How It Is Done continued...
If you cannot read any of the letters or print on these charts because of poor vision, your visual acuity will be tested by other techniques, such as counting fingers, detecting hand movements, or distinguishing the direction or perception of light sources (such as room light or a penlight held up close to the face).
Visual acuity tests usually take about 5 to 10 minutes. They may be performed by a nurse, a medical assistant, an ophthalmologist, an optometrist, a teacher, or some other trained person. Testing may be done at a doctor's office, school, workplace, health fair, or elsewhere.
Refraction is a test that measures the eye's need for a corrective lens (refractive error). For this test, you will be asked to describe the effects of looking at an eye chart through various corrective lenses.
Your doctor may use eyedrops to widen (dilate) your pupils before you start this test. The eyedrops take about 15 to 20 minutes to dilate the pupil fully.
The doctor may put a device (called a phoropter) in front of your eyes. The device contains many different lenses. Testing one eye at a time, the doctor will ask you to compare the effects of two lenses (first one lens, then the other). You should state which lens of each pair gives you better vision. The doctor will continue to test your eyes with different lenses until it is determined which lenses correct your vision the best. Your doctor may use a hand-held device (retinoscope) to shine light into your eyes. A series of trial lenses will be placed in front of your eyes and adjusted until the light rays are properly focused on your retina.
Visual field tests
Visual field tests are used to check for gaps in your range of vision. They can help detect eye diseases or nervous system problems that limit your ability to see objects clearly in the entire visual field or in one part of it. Several tests are commonly done to evaluate a person's visual field.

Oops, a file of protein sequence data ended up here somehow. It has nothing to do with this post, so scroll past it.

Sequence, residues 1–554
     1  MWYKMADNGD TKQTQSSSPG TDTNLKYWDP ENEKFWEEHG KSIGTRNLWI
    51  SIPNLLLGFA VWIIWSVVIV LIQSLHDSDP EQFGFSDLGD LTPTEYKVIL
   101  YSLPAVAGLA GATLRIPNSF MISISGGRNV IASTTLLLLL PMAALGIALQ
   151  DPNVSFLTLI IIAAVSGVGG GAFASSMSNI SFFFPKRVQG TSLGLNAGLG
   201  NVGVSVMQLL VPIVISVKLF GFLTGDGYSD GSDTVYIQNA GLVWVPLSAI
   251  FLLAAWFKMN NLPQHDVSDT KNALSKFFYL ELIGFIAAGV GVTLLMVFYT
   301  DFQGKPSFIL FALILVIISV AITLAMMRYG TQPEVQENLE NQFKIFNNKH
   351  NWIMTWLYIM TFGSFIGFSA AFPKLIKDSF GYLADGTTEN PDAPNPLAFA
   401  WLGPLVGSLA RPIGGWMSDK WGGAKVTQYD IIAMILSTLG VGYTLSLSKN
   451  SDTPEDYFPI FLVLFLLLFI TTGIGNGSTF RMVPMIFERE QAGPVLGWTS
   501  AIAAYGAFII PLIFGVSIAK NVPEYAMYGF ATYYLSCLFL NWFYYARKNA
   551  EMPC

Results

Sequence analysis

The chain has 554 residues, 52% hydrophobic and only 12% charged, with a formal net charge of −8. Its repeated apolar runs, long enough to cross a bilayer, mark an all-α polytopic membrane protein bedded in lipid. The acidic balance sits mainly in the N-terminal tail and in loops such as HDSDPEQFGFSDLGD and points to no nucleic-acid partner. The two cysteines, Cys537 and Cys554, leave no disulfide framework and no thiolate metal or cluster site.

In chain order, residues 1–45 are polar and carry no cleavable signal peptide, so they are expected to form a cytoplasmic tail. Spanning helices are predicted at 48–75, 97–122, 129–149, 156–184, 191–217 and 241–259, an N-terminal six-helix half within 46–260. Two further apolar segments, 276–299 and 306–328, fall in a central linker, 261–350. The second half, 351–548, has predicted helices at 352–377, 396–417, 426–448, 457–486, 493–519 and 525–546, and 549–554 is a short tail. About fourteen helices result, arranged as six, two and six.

- The confrontation test. Your doctor sits or stands 2 ft (0.6 m) to 3 ft (1 m) in front of you. You cover one eye while fixing your gaze on his or her nose. He or she slowly moves a finger or hand from the outer edge of your visual field toward the center and from the center toward the edge through all areas of your visual field. You will focus your eye on your doctor's nose and signal when you first see his or her finger or hand. The test is then repeated for the other eye.
- The Amsler grid test checks for macular degeneration, a disease that causes loss of vision in the center of your visual field. The test uses a 4 in. (10 cm)square chart with straight lines that form boxes. The grid has a black dot at the center. The chart is held about 14 in. (36 cm) from your face. You cover one eye while focusing your other eye on the black dot. The test is then repeated on the other eye. Tell your doctor if:
- You cannot see the black dot.
- You see a blank or dark spot (other than the center dot).
- The lines in the grid look wavy, blurred, or curved instead of straight. You will be asked to point to the specific abnormal area of the grid.
Perimetry testing uses a machine that flashes lights randomly at various points in the visual field. You look inside a bowl-shaped instrument called a perimeter. While you stare at the center, lights will flash, and you press a button each time you see a flash. A computer records the location of each flash and whether you pressed the button when the light flashed in that location. At the end of the test, a printout shows any areas of your visual field where you did not see the flashes of light. In an alternative manual perimetry test, your doctor moves a light target and notes your visual field on paper.
- The tangent screen test uses a black screen with concentric circles and lines leading out from a center point (like a bull's-eye). Sitting 3 ft (1 m) to 6 ft (2 m) away from the screen, you cover one eye while fixing your gaze on a target point marked on the screen. Test objects of various sizes at the tip of a wand are then moved inward from the outer edge of the screen toward the center. You will signal when you can see the object, and that point is then marked on the screen. The points on the screen where you see the objects are connected to provide an outline of your visual field. The test is then repeated for the other eye. An alternative manual tangent screen test uses a white object against a black background. If you wear glasses, you will keep them on for this test.
Color vision tests